November 18, 2016

If you're going to make up fake stories for the internet.

Make them like this.

IN THE COMMENTS: Martin L. Shoemaker says:
It's fake? I don't see where it says that.
Well, first of all, if it were fake, it wouldn't say it's fake. And the news site passing a story along might not realize it's fake. But, as I say in the comments:
I didn't say it was fake. I have no idea. But it has a distinct whiff of fakery about it. Enough that I'm not trusting it. Maybe it's true. How the hell would you know?

I'm just saying this is the kind of story I like to see, so if you're going to make fake news stor[ies], make stories that bring us together and inspire us to be kinder and more inclusive.
If these nice people in the story — the white grandma and the young black man she accidentally texted an invitation to Thanksgiving dinner — really had the experience depicted at the link, then that's just lovely. Nothing against them, of course. I liked it. I liked it so much I had to be skeptical that I'm being fed fluff, marshmallow fluff. Mmm. Dollop some of that on the sweet potatoes. I'm coming over.

21 comments:

Martin L. Shoemaker said...

It's fake? I don't see where it says that.

PB said...

Fake is fake. Journalists should be run out of the profession for fake news.

Ann Althouse said...

I didn't say it was fake. I have no idea. But it has a distinct whiff of fakery about it. Enough that I'm not trusting it. Maybe it's true. How the hell would you know?

I'm just saying this is the kind of story I like to see, so if you're going to make fake news story, make stories that bring us together and inspire us to be kinder and more inclusive.

Ann Althouse said...

"It's fake? I don't see where it says that."

Since when do fake stories have a place where they say they are fake?!

Curious George said...

"Ann Althouse said...
I'm just saying this is the kind of story I like to see, so if you're going to make fake news story, make stories that bring us together and inspire us to be kinder and more inclusive."

It's still manipulation. Not good.

""It's fake? I don't see where it says that."

Since when do fake stories have a place where they say they are fake?!"

They don't. But when cames a story is fake the link goes to a site that says it is, and why.

Paco Wové said...

Can somebody point to a real example of this "fake news" I've been hearing so, so much about this past week?

mezzrow said...

MAKE AMERICA
FAKE AGAIN

alan markus said...

Now we are finding that some of the lists of fake news sites may be subject to fakery:

Meet Leftist Prof Who Wrote Hit List of Fake News Sites

Ann Althouse said...

Remember, the news you read is all hearsay.

You do not know if it's true.

lemondog said...

Scroll down for video of fake grandma meeting fake grandson.
'That's what grandmas do,

Nice acting all around......

Quaestor said...

Sweet potato casserole with marshmallows on top. Yuck.

I don't know who invented that crap, but it was likely that Kraft Kitchen that spent the livelong day coming up with revolting food-like concoctions aimed at selling more Philadelphia cream cheese, or some such noxious product.

Reminds me of this.

Quaestor said...

Fake news is fake news. This is Facebook transforming into Pravda.

Surprise.

rehajm said...

Didn't every public high school have a girl who would imagine stories she would like to think were true so she reported them to everyone as if they were true? Who knew you could make a career of it.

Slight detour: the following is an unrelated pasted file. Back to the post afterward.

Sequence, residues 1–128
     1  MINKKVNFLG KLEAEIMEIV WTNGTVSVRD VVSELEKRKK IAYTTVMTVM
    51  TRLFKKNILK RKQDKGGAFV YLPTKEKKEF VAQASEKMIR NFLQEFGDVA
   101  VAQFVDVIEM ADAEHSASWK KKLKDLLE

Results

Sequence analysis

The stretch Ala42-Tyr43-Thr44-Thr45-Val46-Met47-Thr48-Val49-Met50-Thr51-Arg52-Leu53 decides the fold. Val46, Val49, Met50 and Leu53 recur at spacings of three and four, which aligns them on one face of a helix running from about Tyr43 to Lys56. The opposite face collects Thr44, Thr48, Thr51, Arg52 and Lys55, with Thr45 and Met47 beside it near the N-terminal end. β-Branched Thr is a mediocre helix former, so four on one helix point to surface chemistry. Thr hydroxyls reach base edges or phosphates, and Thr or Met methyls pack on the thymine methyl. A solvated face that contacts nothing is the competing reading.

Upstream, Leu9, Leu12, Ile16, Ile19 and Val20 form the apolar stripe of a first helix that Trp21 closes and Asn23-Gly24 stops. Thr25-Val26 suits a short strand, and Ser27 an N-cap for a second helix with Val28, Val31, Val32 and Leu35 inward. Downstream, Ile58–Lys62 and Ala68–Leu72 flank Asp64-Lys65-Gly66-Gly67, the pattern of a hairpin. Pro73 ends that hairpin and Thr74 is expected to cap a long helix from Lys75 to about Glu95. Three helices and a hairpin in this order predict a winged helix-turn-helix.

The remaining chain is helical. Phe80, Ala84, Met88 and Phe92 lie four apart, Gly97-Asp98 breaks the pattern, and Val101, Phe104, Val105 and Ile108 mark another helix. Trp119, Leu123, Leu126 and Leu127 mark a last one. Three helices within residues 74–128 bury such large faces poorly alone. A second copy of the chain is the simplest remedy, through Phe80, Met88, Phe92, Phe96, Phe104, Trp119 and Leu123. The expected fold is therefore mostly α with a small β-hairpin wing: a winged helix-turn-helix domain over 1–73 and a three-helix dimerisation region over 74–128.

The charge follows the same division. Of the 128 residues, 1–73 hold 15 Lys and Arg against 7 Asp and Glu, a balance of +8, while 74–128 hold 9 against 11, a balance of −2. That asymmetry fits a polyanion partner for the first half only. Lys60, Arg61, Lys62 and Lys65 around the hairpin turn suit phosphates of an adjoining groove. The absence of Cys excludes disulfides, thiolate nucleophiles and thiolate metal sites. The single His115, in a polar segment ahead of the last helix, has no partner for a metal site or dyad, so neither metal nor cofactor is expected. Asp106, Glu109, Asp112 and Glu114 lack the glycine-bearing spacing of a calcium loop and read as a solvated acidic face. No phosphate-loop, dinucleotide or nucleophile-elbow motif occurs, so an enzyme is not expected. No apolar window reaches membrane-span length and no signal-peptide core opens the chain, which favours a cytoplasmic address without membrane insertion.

mikee said...

I once accidentally, quite without intent, seduced a girl by quoting Monty Python to her in public. Her behavior, later that night, after we had spent an hour or so trading lines from The Holy Grail and Life of Brian in a crowd of non-Pythonics, was more than surprising to me.

So actions do not always correlate with effects. This is omething to keep in mind when reading strange stories that don't make sense to you, but which might have some real meaning to someone else.

Of course, once I knew the power of Monty Python, I used it more wisely, and much more carefully.

Ignorance is Bliss said...

If these nice people in the story — the white grandma and the young black man she accidentally texted an invitation to Thanksgiving dinner — really had the experience depicted at the link, then that's just lovely.

I'm betting it is a true story, but was a fake accidental invite. Kid's gonna go there, eat a bunch of turkey, doze off for a short after-turkey nap, and wake up on the auction block.

That sort of think happens all the time. It's just the way America is.

Darrell said...

There's still hope that he will kill the entire family at Thanksgiving.

Unknown said...

But but but it's on the internet, it must be true!!
Most news stories even from major media are screwed up in some manner (omission usually). The events in Portland are a "protest" not a "riot"--yeah sure. The media weren't even trying to hide their disgust about Trump and their love for Hillary. caveat emptor applies to ALL news.

The Elder said...

I disagree that "it has a distinct whiff of fakery about it."

It sounds exactly like something the Grandma I live with would say to someone she accidentally invited for Thanksgiving dinner.

The Elder said...

See what I mean?

http://insider.foxnews.com/2016/11/18/grandmas-mistaken-text-message-brings-teen-thanksgiving-dinner

Some Grandmas are like that! Sure glad I married one like that 42 years ago.

Meade said...

"exactly like something the Grandma I live with"

PolitiMeadeFact fact checker rates this assertion... TRUE!

The Elder said...

In my household, it's simply the result of being Hoosierly.